Here's a tip...if you have your own 101 list and would like to motivate yourself to do the touristy things around your hometown that you've listed, invite out-of-town friends to come stay with you. Creating an itinerary loaded with activities from your 101 list is a win-win all the way around. Shana did it when I visited her in NYC and I returned the favor when she and Hutch were bound for the Bluegrass State.
Although I only knew about Picnic on the Porch through Woodford Reserve's website (and the information there was minimal...listing only days and times), in my head we would be treated to an al fresco dining experience, where we would sip mimosas and graze on Kentucky hot browns while breathing in the wafting aroma of sour mash cooking down the hill. The crisp table linens would be white, the waiters decked in tails (or, at the very least, bowties), and people would see a group of finely spirited ladies enjoying a luncheon near the grass and think I want to dine with THEM. I contemplated wearing my Derby hat because there's nothing worse than being under-dressed for this type of southern meal.
Fortunately, I settled for jeans. Because Picnic on the Porch involved Ale-8-1 (our very own Kentucky brand of ginger ale...not for the weak of heart. Literally. The amount of caffeine in each one would put your dark roast coffee to shame) and whoopie pies.
Although it is not quite the grand dining experience that I had envisioned, our grilled veggie sandwiches (and the PB&J that Shana ordered to satisfy her craving) were actually delicious. And, really, can you ever go wrong with a red velvet whoopie pie? I think not. To be quite honest, it was more enjoyable than if we had been served mimosas in crystal flutes and steaming plates of country ham by men in bowties.
Unless you are absolutely time-crunched, staying for a tour of the distillery is almost essential. With the exception of July/August during a drought and December-February of any winter, the grass is golf-course-green and always well manicured around Woodford Reserve's grounds. And the process of cooking sour mash to create Kentucky bourbon is complex and time consuming. I usually follow along for the first 4 or 5 steps, but by the time it reaches its final stages, I've lost track of which drum it's in, where it's coming from, and where it's headed next. It's a miracle of chemistry. It used to hold true that only bourbon could come from Kentucky. Everything outside of our state lines was whiskey. However, our tour guide told us that some distillers are using our process, thus creating bourbon. Although...a large part of bourbon is the use of water that flows over our naturally occurring limestone rock and you can't find that just anywhere. It's along the same lines as New York City water, I would think.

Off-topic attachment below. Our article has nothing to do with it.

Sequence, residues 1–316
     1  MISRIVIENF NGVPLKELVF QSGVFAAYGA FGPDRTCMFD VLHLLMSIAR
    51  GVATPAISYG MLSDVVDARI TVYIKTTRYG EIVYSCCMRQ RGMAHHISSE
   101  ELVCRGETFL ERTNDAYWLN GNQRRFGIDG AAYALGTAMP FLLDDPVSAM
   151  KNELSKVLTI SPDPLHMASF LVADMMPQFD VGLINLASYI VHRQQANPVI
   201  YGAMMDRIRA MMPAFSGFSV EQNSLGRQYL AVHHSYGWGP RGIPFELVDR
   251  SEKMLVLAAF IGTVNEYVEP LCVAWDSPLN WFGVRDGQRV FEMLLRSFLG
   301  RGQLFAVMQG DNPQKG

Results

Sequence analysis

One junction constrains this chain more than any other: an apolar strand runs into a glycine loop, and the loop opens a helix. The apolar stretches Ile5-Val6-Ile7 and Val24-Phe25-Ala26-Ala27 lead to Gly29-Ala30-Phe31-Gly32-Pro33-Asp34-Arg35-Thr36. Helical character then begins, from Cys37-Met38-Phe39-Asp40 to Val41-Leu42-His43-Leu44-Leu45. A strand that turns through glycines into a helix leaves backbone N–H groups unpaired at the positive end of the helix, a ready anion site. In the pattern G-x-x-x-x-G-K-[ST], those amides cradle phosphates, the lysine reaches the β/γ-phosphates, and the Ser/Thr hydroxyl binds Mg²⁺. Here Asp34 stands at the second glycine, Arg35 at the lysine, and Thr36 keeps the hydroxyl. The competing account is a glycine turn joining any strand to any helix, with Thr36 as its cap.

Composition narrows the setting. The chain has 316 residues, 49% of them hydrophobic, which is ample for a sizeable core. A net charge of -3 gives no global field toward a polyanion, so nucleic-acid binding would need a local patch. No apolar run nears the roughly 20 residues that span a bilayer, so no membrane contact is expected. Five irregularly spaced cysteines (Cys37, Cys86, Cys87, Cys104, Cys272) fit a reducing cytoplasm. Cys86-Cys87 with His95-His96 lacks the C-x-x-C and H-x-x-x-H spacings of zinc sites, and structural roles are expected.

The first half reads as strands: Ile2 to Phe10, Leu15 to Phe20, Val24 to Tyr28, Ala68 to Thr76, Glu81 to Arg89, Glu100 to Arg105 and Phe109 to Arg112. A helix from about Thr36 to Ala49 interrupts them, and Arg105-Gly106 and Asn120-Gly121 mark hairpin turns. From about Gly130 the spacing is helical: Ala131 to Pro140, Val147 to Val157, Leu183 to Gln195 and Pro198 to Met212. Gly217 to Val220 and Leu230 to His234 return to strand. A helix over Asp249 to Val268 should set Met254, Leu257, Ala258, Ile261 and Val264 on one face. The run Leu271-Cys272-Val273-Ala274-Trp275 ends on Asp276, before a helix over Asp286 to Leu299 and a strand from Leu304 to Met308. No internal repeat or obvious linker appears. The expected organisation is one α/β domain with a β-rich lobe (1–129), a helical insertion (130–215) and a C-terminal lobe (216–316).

Since I can't remember all the steps of distilling bourbon, please just enjoy the photos of the tour and make a mental note to stop in should you find yourself in the rolling hills of my home state.
Barrels of bourbon roll along to their next destination.
Hutch can drink bourbon like a man. Truly, if you ever decide to leave Sacramento, there is always a home for you in the Bourbon State, darling.
The multiple stages of making liquid awesome.
My Kentucky fillies-in-training.
Cathy. And prostate cancer, of course.
Most of our distilleries in Kentucky are not only open to the public, but included on The Bourbon Trail, which you don't have to do in order but are mapped for convenience when traveling to each. Maker's Mark is pretty much in the middle of nowhere while Woodford Reserve is perfectly situated between Lexington and our capital, Frankfort. The Bourbon Trail is not a day trip. But it could make for a lovely and...uh...intoxicating way to spend the weekend!